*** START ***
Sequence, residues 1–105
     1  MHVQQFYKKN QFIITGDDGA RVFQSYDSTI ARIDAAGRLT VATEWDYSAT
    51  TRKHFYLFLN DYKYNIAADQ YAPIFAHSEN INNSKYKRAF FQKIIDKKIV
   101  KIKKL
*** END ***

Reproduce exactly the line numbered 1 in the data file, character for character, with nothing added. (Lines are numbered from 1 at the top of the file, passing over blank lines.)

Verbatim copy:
Sequence, residues 1–105